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The U.S. bond market is calling a moment: the age of low interest rates and inflation that began with the 2008 financial crisis has ended. What follows is unclear.
The market’s view has come into sharp focus in recent days amid a dramatic run-up in 10-year Treasury yields that hit 16-year highs.
Behind that move is a bet that the disinflationary forces the Federal Reserve fought with its easy money policies in the aftermath of the financial crisis have abated, according to investors and a regularly updated New York Fed model based on yields.
Instead, it shows investors have come to believe that the U.S. economy is probably now in what a regional Fed president said may be a “high-pressure equilibrium,” characterized by inflation running higher than the Fed’s 2% target, low unemployment rates and positive growth.
“We have moved into a new era here,” said Greg Whiteley, a portfolio manager at DoubleLine. “It’s not going to be a matter of struggling to get the inflation rate higher. It’s going to be working to keep it down.”
This momentous shift in the outlook for rates has profound implications for policy, business and people. While higher interest rates are good news for savers, businesses and consumers have become used to paying nothing for money over the past 15 years. The adjustment to a higher-for-longer rate environment could be painful, manifesting in failed business models and unaffordable homes and cars.
It could also force the Fed to keep raising rates to the point something breaks again, like three U.S. regional banks did in March. Minneapolis Fed President Neel Kashkari wrote last week that if the economy was in a high-pressure equilibrium, the Fed would “have to raise rates further, potentially going significantly higher to push inflation back down to our target.”
He assigned a 40% probability to such a scenario.
Kashkari did not respond to a request for comment.
A market-based Fed model that breaks down the 10-year Treasury yield into its components provides further insight into investors’ thinking.
In recent days, one component of yields — a measure of the compensation investors demand to lend money for the longer term — turned positive for the first time since June 2021, according to the Adrian, Crump and Moench (ACM) model.
This rise in term premium, which spent much of the last decade below zero, reflects high levels of uncertainty about economic outlook and monetary policy, investors said.
At the same time, the second component of yields in the model — what the market pricing implies short-term interest rates will be in 10 years — has also risen rapidly in recent months, reaching around 4.5%. That shows investors believe the Fed funds rate, which is currently in the 5.25%-5.50% range, will not come down much in the coming years.
The higher rate outlook feeds back into the term premium, which had been kept low in part because the Fed became a massive buyer of bonds to stimulate the economy after it could no longer cut rates because they were already at zero.
Higher rates going forward would mean the Fed will have more room to adjust policy through tweaks in interest rates alone, with some investors believing that policymakers would retire quantitative easing as a policy tool. The Fed has been selling bonds that it bought, slowly shrinking its balance sheet.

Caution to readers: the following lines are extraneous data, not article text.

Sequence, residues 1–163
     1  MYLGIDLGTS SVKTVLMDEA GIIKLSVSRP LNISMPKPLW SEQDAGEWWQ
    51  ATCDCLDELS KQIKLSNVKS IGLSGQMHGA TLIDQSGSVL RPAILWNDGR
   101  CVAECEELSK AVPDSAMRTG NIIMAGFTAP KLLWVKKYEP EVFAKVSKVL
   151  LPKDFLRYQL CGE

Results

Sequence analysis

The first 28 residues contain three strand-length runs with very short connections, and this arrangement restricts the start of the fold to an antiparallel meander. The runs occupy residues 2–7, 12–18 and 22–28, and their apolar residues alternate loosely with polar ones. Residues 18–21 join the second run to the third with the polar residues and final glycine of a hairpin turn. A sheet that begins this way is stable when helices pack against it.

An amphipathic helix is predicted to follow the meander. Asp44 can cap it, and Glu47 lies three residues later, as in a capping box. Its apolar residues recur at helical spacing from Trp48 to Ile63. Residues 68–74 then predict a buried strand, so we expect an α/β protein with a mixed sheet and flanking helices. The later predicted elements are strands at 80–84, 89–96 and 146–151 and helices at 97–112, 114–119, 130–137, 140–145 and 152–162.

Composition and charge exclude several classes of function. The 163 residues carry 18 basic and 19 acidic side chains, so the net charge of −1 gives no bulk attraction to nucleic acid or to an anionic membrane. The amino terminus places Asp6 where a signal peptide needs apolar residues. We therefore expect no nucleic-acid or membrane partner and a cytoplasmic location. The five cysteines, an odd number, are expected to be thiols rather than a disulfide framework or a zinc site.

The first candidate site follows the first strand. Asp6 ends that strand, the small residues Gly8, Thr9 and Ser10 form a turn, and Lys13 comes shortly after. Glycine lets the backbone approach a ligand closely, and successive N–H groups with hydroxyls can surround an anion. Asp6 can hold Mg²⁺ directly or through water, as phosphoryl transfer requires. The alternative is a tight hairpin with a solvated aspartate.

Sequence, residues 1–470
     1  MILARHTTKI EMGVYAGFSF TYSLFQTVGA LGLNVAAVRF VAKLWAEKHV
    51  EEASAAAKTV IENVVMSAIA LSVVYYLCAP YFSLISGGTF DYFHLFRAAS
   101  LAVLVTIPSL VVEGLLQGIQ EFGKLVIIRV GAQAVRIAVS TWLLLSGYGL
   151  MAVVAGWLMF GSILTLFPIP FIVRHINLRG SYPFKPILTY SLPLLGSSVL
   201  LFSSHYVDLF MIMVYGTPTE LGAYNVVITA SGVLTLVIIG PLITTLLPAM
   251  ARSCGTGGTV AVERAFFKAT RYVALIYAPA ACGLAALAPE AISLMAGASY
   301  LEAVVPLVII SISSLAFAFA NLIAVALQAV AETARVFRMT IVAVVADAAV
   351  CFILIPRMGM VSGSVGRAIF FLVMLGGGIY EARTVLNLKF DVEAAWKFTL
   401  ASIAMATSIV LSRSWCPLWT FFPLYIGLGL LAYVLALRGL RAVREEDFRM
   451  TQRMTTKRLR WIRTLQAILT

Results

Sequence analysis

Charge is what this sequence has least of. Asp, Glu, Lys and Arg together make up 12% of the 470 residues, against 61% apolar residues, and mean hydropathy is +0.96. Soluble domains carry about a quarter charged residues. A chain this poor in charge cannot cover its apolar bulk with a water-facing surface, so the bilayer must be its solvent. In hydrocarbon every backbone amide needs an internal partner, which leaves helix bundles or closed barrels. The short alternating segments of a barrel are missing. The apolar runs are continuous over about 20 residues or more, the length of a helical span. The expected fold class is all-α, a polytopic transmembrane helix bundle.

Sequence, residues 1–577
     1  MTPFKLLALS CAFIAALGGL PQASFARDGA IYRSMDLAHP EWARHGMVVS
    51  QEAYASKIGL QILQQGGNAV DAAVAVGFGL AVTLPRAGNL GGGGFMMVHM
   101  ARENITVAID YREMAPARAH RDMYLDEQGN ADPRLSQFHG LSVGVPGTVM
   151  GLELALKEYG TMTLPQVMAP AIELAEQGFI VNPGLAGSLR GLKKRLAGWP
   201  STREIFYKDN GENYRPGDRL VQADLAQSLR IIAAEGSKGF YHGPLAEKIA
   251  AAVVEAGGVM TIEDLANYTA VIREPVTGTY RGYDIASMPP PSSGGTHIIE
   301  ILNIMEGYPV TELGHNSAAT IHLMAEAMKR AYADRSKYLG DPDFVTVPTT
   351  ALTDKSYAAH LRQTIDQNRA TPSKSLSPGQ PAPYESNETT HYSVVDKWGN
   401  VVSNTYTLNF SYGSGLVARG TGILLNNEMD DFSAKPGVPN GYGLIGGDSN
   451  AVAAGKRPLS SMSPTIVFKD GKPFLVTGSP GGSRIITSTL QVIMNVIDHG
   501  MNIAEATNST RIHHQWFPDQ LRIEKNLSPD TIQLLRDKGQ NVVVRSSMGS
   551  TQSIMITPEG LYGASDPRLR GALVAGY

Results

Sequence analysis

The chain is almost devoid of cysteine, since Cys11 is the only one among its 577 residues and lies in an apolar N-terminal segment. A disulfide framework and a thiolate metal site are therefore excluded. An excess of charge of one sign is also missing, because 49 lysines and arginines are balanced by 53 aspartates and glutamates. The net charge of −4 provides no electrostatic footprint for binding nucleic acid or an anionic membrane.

“A very deep pocketed Treasury investor is leaving the market little by little,” said Emanuel Moench, one of the authors of the Fed model who is now a professor at the Frankfurt School of Finance and Management. “That should add to some uncertainty around the likely path of Treasuries.”
“SPITTING IN THE DARK”
The higher short-term rate also reflects the belief that structural shifts — from deglobalization to lower productivity and an aging population — have pushed up an elusive theoretical interest rate at which growth neither accelerates nor slows, while there is full employment with stable prices. It’s called the neutral rate, or r-star.
“The r-star over the long-term is probably higher than the Fed thinks it is,” said John Velis, forex and macro strategist for the Americas at BNY Mellon. “The disinflationary impulse of the post-GFC (global financial crisis) period is over.”
While the market appears to be confident in its belief in the end of the era of zero interest rates, it is far less so about the economy’s actual likely path.
The neutral rate, for example, determines whether the Fed’s policy rate will slow down or stimulate the economy, but no one really knows what it is until something breaks. Estimates vary widely.
“The problem with the neutral rate is that you don’t really know what it is until you pass it,” said Leslie Falconio, head of taxable fixed income strategy at UBS Global Wealth Management.
The age of uncertainty has dawned among monetary policymakers, too. A San Francisco Fed study in August that developed an index to capture the level of disagreement among policymakers on their economic projections showed it had increased to above the average pre-pandemic levels by June.
BNY’s Velis said the current bond market pricing would imply investors think the probability of a high-pressure equilibrium scenario is greater than where Kashkari put it.
But when asked whether there was a way to quantify it, Velis demurred. “Any attempts would be like spitting in the dark,” he said.
Reporting by Paritosh Bansal; Editing by Anna Driver